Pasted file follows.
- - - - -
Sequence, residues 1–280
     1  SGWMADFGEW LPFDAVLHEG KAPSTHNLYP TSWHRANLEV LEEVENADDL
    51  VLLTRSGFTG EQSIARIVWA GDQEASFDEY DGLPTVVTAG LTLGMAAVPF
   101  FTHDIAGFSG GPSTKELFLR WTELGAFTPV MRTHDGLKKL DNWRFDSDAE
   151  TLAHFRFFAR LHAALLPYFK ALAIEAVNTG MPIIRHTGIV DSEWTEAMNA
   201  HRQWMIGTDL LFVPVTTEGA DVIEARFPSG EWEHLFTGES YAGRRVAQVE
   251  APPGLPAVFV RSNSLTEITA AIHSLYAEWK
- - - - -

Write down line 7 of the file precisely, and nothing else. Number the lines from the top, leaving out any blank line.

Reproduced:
   251  APPGLPAVFV RSNSLTEITA AIHSLYAEWK